Last week I completely bust my hamstring playing football against a bunch of younger and fitter players and I’ve spent the week laid up, doing my best to rest to recover. At some point, I will start training again but I am also realistic. At 56 years old, I have to face the fact that my playing days are probably half over. My retraining will be tentative, gradual and carefully managed.
Similar will be my philosophical retraining because, at the same time, my academic research is taking different directions. Most will know me primarily as a metaphysician (or metaphysicist, as I like to say). But the publication of Absence and Nothing was a turning point, I suspect: a finale to 30-odd years working in the field of analytic ontology. There is a sense of freedom that accompanies the end of a major, long-term project and with that comes excitement and a little trepidation.
I am undoubtedly in the mood to retrain. I’ve always wanted to do new things but now I want to do seriously new things. I think the world is facing ever-mounting problems, primarily around imminent environmental catastrophe and the related – for I am sure they are connected – return of fascism. Can I justify a philosophy as abstract and detached as metaphysics while the world around us burns? I think not, but if I am to make meaningful contributions to a more value-driven philosophy, then I need a considerable amount of retraining.
I have plans, including new work with brilliant rising star Sheree Bekker (I got in early because she is soon to be huge in feminist philosophy). First will be a book on public health in a complex world and during my recuperation I am reading-up on health and politics (Rob Baggott’s excellent Public Health: Policy and Politics currently). After that is a project on the connection between politics and metaphysics, arguing that the latter is not entirely detached after all. There is conservative metaphysics (basically Humean) and progressive metaphysics (holistic and emergentist) and many political problems stem from the dominance of the former in popular consciousness. To make the thesis convincing, I know I need some retraining in ethics and political philosophy.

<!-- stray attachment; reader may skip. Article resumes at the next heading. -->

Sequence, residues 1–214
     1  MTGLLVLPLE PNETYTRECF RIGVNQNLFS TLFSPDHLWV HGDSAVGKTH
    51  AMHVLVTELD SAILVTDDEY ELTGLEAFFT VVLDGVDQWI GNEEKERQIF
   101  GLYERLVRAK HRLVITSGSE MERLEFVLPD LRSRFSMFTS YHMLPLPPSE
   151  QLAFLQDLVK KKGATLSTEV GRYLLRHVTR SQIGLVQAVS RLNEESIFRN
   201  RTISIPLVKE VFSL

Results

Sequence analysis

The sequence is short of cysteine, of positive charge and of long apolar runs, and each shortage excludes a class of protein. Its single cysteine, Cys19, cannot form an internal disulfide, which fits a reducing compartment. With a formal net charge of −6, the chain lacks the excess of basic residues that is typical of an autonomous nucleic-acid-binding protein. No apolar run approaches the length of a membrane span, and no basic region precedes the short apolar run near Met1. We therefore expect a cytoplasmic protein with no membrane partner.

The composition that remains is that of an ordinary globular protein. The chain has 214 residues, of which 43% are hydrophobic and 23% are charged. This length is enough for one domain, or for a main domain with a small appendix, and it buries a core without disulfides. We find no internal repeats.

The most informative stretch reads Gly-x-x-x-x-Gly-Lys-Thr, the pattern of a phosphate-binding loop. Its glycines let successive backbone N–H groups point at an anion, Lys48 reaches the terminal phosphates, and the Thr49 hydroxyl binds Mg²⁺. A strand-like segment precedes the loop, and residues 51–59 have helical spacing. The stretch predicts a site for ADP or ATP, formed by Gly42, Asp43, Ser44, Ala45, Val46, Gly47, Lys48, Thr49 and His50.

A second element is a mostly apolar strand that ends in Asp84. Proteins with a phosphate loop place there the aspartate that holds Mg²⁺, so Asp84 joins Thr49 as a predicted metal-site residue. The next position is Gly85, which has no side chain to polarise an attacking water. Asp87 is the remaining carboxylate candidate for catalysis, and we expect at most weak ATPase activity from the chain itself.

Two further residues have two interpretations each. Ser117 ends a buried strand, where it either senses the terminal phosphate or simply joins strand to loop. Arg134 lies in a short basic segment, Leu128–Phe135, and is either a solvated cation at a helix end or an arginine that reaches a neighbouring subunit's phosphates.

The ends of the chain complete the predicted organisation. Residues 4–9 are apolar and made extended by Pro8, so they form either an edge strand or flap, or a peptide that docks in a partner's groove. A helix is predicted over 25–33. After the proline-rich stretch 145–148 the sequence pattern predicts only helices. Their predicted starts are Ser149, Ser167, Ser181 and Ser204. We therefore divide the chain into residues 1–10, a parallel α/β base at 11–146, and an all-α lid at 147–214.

There is a cliché that it’s never too late to retrain and I guess I’m going to find out whether that holds true. I don’t feel ready for my pipe and slippers yet. If I am lucky enough to have another decade to my career, I hope to make a meaningful contribution to public and political discourse. I might be quiet for a while but I know that, if it’s to be worthwhile, I first have a lot to learn.